Friday, March 25, 2011

We get there and then some.

Some long haul international flights are as peaceful as a library. Others are like the night market in Taipei. Our flight to Beijing was firmly in the latter camp. Perhaps this group had had too much coffee. Or maybe they were excited about their impending collision with the Mysteries of the Orient. Whatever the case, they never settled down. Hundreds of visits to the overhead bins and lights that were never turned off. Loud crunching sounds and unmuffled sneezes. Window shades that were never drawn "Out of courtesy for your fellow passengers who want to watch the video entertainment." So many open blinds that I never felt like "that guy" when I snuck a couple of dozen peeks at the sea ice choking the Bering Strait and the snowy volcanoes on the Kamchatka Peninsula. Being on this flight was like being on the local bus from Hermosillo to Yecora on a hot summer's day - noisy, busy and irritating. It pretty much drove me to conclude that I would never ride in coach again, even if it means heading out once a year instead of four times. I could hear the people up ahead in Business quietly snoring and gently rustling their covers as the rolled over in their sleep. I hated all of those people up there for their obscene luck and purported specialness. Including those I didn't know and would never meet. Even the ones who worked with orphans in Myanmar. Never again I vowed.


Flying to Europe seems like such a breeze in comparison. You look at your watch and see that 5 hours have gone by and know that it's probably time for your in-flight light breakfast service. Look at your watch at 5 hours on the flight to China and you're not even half way. It's still 5 and a half hours until your light breakfast appears and maybe an hour until your Ramen snack. It goes on forever and it feels like longer than that. The time passes as you dedicate yourself to catching up on reading or work or season's worth of television that you downloaded from one of the remaining piracy sites. Or you devote yourself to trying to understand why anyone would want to spend 30 minutes in an aircraft bathroom. Some of your trip will undoubtedly be devoted to that because there is nothing else to do while you're waiting for them to come out. Eventually it comes to an end, ideally with a safe landing and a short line at Immigration. Then a taxi ride into town and you're at your hotel, sitting in the lounge, looking out the window and planning your evening. We chose to dine on the free meal - chicken satay and Kentucky Fried hot wings - before heading out for a brisk walk to my favorite Starbucks for an iced americano. And being truly adventurous we tacked on a trip to the counterfeit market for a little abuse by the vendors. I think the persistent sleeve tugging and pleas to "Look, look!" were a bit of an eye opener for My Lovely Wife. But she survived and we left for a cool evening stroll back home.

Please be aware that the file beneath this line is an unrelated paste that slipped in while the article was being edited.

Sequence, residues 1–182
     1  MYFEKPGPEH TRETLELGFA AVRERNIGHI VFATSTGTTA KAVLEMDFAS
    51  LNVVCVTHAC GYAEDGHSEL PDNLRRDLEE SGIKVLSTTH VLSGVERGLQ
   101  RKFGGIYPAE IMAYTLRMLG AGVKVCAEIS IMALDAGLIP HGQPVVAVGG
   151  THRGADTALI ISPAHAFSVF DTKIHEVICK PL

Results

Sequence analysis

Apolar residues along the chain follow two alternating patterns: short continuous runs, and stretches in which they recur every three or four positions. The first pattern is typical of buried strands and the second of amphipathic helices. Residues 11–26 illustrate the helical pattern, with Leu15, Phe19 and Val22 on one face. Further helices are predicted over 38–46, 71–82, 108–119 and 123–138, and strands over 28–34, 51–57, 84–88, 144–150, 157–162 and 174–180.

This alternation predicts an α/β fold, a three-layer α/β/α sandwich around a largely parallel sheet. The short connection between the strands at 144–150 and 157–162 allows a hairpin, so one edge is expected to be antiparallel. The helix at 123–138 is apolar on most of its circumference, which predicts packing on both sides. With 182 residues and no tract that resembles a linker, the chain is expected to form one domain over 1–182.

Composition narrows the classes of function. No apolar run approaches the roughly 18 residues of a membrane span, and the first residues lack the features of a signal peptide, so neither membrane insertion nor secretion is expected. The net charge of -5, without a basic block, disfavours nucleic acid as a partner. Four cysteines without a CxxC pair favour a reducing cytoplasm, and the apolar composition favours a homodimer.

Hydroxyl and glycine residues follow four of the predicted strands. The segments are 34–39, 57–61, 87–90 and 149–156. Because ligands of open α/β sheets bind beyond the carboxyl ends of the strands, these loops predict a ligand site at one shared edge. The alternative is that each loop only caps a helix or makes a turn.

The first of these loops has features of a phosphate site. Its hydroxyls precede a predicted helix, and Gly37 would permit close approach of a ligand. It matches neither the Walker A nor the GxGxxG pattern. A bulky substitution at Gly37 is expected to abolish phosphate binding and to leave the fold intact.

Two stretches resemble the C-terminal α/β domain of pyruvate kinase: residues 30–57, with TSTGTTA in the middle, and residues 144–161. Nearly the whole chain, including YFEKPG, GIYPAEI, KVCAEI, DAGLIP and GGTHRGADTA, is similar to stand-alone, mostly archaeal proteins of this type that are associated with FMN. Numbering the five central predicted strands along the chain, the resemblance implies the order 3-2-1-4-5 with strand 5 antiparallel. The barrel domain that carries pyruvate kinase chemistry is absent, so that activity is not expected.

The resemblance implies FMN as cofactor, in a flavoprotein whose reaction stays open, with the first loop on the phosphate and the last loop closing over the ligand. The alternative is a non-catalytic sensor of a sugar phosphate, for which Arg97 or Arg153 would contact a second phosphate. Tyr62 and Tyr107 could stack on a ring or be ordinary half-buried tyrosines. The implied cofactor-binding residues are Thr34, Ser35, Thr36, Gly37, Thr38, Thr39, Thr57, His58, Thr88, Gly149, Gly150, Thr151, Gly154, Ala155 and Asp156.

Somehow we'd managed to offend the minor deity that controls social harmony, because the perceptual abuse we'd suffered on the plane continued back at the hotel. When you take a long flight that gives you a 15 hour offset in time zones, you're pretty much dead tired by 9 in the evening. The kind of tired that I don't like, where one minute you're watching BBC and the next you're in a coma. With no dozing in between. It was like that for me, at least until some people started screaming out in the hall. Somehow we'd received a room next to a suite that was full of drunks. Drunks who had other friends down the hall that they needed to yell to as well as send secret messages via a code beaten out with slamming doors. Our room also shared one of those doors with locks on both sides that allow for expansion. The drunks also needed to make sure it was locked judging from the number of times they tried it before becoming completely convinced of their security. The din was sporadic and not quite enough to force me out of bed. And this being China, I knew that if we could even get our point across to the front desk, the mediation would take the form of an offer of a new room for us. The prospect of packing and leaving was not appealing. I selected some Brazilian jazz on my phone, put it on softly as background noise and rolled over, figuring we'd solve it in the morning.

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